The performance was well received, and since then, the group, called “Amawari Roman,” has performed it throughout Okinawa, said cast member Sayaka Nakachi. The musical has helped to change the image of Amawari from a traitor to a hero, she said.

“Many of us did not like our hometown until we started performing this musical,” said Natsumi Moriya, Nakachi’s sister and also a cast member. “But, now we are very proud of having the great man as our ancestor.”

A renewed interest in the past also is strong in other Okinawa communities, such as Hananchi in Nakijin, home of the lord of the island’s northern region until King Sho Hashi’s army defeated him in 1416. Today, all that’s left of his once impregnable citadel is a milelong section of gracefully curved stone walls.


Nakagusuku Castle Ruins will transport you back in time to around 14th or 15th century Okinawa while providing amazing views of the main island’s east coast.

For many, Shuri Castle might be at the top of the Okinawa bucket list, but add a stop to explore Nakagusuku, another UNESCO World Heritage site. This majestic location boasts both beauty and history.

Construction on the castle started in the 14th century and was completed in the mid-15th century as overseen by Gosmaru, a lord appointed as governor of the district by the Ryukyu Kingdom.

Gosamaru was known for his great fortification skills. His expertise is well reflected in some structures of the castle, many of which retain their original form, including the smooth curves that the stone walls and arches draw, as well as the methodical way each stone is stacked. Even Commodore Matthew Perry’s crews were impressed by the construction when they made a port call in 1853, according to the ruins website.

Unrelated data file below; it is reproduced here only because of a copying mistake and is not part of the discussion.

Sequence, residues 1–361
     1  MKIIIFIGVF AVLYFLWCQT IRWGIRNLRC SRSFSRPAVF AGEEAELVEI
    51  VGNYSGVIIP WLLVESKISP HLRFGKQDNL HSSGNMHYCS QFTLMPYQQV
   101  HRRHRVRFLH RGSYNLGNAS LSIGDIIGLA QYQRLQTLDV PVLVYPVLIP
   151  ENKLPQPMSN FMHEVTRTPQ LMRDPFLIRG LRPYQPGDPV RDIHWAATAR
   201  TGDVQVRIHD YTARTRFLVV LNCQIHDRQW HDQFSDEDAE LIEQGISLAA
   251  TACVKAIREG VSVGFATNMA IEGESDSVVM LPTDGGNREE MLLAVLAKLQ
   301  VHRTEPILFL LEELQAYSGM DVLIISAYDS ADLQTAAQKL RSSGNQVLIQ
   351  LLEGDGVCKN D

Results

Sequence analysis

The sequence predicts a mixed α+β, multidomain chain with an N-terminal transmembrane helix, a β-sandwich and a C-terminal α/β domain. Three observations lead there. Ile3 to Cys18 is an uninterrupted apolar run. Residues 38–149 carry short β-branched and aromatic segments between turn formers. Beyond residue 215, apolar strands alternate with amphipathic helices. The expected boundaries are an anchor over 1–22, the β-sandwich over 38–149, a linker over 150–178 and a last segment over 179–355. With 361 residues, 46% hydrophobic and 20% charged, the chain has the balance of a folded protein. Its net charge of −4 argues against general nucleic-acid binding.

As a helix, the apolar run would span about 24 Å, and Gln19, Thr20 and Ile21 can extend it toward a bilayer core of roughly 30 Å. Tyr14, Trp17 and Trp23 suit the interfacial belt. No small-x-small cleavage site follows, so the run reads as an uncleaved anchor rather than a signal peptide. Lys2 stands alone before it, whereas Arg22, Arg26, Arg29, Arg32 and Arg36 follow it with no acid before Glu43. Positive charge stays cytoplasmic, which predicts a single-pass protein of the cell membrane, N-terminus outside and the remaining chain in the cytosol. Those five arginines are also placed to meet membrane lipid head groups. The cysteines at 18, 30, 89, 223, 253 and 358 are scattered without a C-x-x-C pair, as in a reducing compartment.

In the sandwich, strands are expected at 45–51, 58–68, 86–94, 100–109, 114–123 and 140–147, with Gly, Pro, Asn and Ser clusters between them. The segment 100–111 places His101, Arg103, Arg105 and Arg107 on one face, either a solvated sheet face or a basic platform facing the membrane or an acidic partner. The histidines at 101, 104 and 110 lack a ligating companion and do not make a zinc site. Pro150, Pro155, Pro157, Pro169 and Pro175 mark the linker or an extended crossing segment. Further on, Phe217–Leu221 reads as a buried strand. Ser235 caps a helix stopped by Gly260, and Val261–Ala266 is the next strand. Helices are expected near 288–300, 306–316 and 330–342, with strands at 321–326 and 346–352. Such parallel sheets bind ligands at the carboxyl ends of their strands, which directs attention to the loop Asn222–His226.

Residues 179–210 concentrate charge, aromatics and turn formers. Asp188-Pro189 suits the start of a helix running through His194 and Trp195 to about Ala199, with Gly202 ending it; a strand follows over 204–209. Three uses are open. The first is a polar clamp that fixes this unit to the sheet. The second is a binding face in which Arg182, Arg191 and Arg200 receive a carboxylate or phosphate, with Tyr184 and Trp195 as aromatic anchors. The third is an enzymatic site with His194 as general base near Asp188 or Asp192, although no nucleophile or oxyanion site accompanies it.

Although Gosamaru’s authority would come to a tragic end as accusations of treason led him to commit suicide in 1458, he is still fondly remembered and associated with this architectural masterpiece.

Just like other castle ruins in Okinawa, Nakagusuku Castle Ruins is composed of several flatlands called kuruwa. The castle ruins have six: south, west, north, first, second, and third kuruwa.

The south kuruwa served as a sanctuary while west kuruwa was used to train troops and horses. The first kuruwa, located at the center of the castle, is the biggest among the six and is considered a location for the main temple. The second kuruwa is known for its beautiful surrounding stone walls, and it has a place of worship. While these four kuruwa were constructed in the 14th century, the remaining two, the north and third kuruwa were constructed later by Gosamaru in the 15 century.

If you look closely at the walls of the third kuruwa, you would note that stones stack up differently from those of the original four kuruwa. The north kuruwa’s back gate was compared to an “Egyptian style” arch by Perry’s crew, according to a brochure. The north kuruwa also has a water well, which you can take a close look at by going down some stairs.

These six kuruwa amount to 14,473 ㎡ (the site itself is 110,473㎡ in total).

In December of 2000, Nakagusuku Castle Ruins were certified as a UNESCO World Heritage site along with other castle ruins and related properties in Okinawa.

Visiting this historical location is only a 10-minute drive from Camp Foster. Check it out for a brisk walk, great views and some history.

Nakagusuku Castle Ruins

GPS Coordinates: N 26.285650, E 127.803283

Admission: 400 yen for adult, 300 yen for mid and high school student, 200 yen for elementary school student

Subscribe to our Stripes Pacific newsletter and receive amazing travel stories, great event info, cultural information, interesting lifestyle articles and more directly in your inbox!

Follow us on social media!

Looking to travel while stationed abroad? Check out our other Pacific community sites!
Stripes Japan
Stripes Korea
Stripes Guam


Investigators inspect ruins of Japan’s Shuri Castle to determine cause of fire

This article was published more than 1 year ago. Some information in it may no longer be current.

Audio for this article is not available at this time.

This translation has been automatically generated and has not been verified for accuracy. Full Disclaimer

Investigators gather at the site of a fire at the historic Shuri Castle, in Naha, Okinawa, southern Japan, on Nov. 1, 2019.